Animals Under the Skin
by Tantra Bensko
I sat in my tent with the flashlight on, molding the sweet almond paste, which had such a lovely smell. It reminded me of being a child, my mother and I making marzipan together and painting it with food dye: little apples and pears. Of course, I’d since learned about the toxicity of food dyes and moved beyond the simplicities of innocent fruits. I was making naturally flesh-colored hominids.
I had read in books by Lloyd Pye about the particulars of hominids, those prehuman creatures that minded their own business until suddenly everything changed, civilizations appearing overnight out of the blue. The lizard people descended, say the histories of the cultures. The lizard people molded the hominids the way they wanted them.
I guess they liked breasts that stuck out more in front. Most people don’t know this. Perhaps it’s because people would be embarrassed by the knowledge. Pye says that female hominids are so large-breasted, they will swing their breasts over their backs when running.
Now, that’s a trick. I wish I could do that, rather than trying to pretend not to be holding my breasts when I run. I made candy creatures: the father, staring and slightly wistful, and the mother, who had her breasts thrown over her back, running.
Pye commented that hominid babies would be carried, and nursed, on the backs of the mothers. Now, that seems like a good idea too, as it keeps the hands free. So my little marzipan mother had her baby behind her, sucking her breast, and the baby was fully detachable.
Once I was happy with the candy sculptures, I admired them, and set them down in the corner of my tent in a zip-locked bag. I had been selling them at the Saturday outdoor market on the island, every candy a different concept, from the operatic to the anarchic, but I had kept some of the almond paste especially to make a gift for my handsome friend Byron.
I was pleased with them. I thought of him so often I wanted to give him something to show my feelings. But not like chocolate candy and roses kinds of feelings. Or whatever women give to men in polite society. More like laugh together at the strange little savage woman with humongous breasts kind of feelings.
I listened to the owl and tried to look outside the tent to see it, but it was too dark to see it well. I felt right, living where I could hear the critters so well, which was one big reason I had spent a lot of my life camping. I didn’t want to be forever separated from them by artificial walls where they had all been killed to allow us to take over.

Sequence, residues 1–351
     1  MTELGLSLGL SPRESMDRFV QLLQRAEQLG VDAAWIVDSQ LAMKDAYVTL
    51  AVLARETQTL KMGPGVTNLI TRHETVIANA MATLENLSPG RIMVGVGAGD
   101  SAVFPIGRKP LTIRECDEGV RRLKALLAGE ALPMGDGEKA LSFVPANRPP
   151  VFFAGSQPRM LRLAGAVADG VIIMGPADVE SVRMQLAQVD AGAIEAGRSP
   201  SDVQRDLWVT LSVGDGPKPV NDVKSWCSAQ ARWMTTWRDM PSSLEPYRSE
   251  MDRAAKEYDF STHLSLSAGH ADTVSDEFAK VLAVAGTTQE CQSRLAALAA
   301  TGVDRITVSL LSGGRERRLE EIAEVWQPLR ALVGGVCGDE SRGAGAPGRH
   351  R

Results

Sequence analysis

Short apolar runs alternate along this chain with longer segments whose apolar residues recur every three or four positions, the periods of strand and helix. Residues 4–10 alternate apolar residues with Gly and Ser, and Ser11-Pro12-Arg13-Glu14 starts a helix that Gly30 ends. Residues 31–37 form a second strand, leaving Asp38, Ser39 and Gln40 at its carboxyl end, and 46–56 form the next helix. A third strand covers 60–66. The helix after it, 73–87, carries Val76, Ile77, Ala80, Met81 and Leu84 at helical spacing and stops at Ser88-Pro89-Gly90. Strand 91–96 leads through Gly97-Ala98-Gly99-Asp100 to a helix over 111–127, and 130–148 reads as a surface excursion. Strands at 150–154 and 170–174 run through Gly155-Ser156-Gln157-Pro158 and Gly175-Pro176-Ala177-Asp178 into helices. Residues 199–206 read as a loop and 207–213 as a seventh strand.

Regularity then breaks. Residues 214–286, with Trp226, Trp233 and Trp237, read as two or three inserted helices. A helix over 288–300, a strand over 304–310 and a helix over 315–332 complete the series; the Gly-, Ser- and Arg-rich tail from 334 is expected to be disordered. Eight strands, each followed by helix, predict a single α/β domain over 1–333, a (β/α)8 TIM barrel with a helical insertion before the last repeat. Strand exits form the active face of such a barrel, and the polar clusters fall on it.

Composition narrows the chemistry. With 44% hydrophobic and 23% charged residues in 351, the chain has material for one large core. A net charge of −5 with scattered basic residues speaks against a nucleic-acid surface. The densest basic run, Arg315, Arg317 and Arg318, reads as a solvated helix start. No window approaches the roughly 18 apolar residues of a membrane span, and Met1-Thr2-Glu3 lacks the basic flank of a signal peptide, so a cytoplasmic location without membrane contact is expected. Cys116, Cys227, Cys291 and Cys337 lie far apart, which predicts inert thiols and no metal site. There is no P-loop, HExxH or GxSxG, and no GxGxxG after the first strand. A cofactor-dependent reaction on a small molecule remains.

The white face made it seem like the barn owl, which someone who had picked me up when I was hitching called a barred owl. I called it that to people giving me rides later on, and I hope they just thought I was getting over a cold or something. Barred owl.
I loved the sounds of the birds outside. The Canadian birds were much wilder-sounding than I was used to in the United States. I could rarely see them, though, as it was usually too dark in the forest when I heard them, so they remained mysterious, archetypal, and filled me with longing.
I went to sleep that night dreaming of Byron, such a beautiful young man who affected me so strongly. It was hard to forget about him to be able to go to sleep. It was like I could feel his energy inside of me.
My dreams changed, and had to do with something running all over me. With the odd movements, pressures, sounds, my consciousness started coming to the surface. I lay there half awake, hearing something moving around, getting lazily distracted by it, listening to it casually. Becoming more rational, I realized there most likely really was something in the tent with me and there wasn’t supposed to be. I sat up suddenly, and the sound stopped. I lay down and was quiet, listening.
Eventually, I heard something indistinctly and reached for my flashlight. I was squeamish feeling for it, hoping I wouldn’t put my hand on something live, with teeth, instead. Usually, I kept it right by my pillow, but I had been so tired I hadn’t remembered to put it where I had kept it for all the weeks I’d been camping in that forest. There were no other lights around, as it was just a very large forest, Crown Land, and I was the only person camped there, as it wasn’t particularly designated as a camp ground.
After long and tentative searching, searching, I found the flashlight, and shone it around, over my drawing pad, where I was doing sketches for the magazine I was illustrating about Tantra Yoga. Over my pile of clothes for a pillow, clothes mostly gotten at the free store on the island. Mostly stained, and not very flattering, true, but free. And then, I noticed the zip-locked bag where the hominids lived had a hole in it and the hominids were gone. Escaped!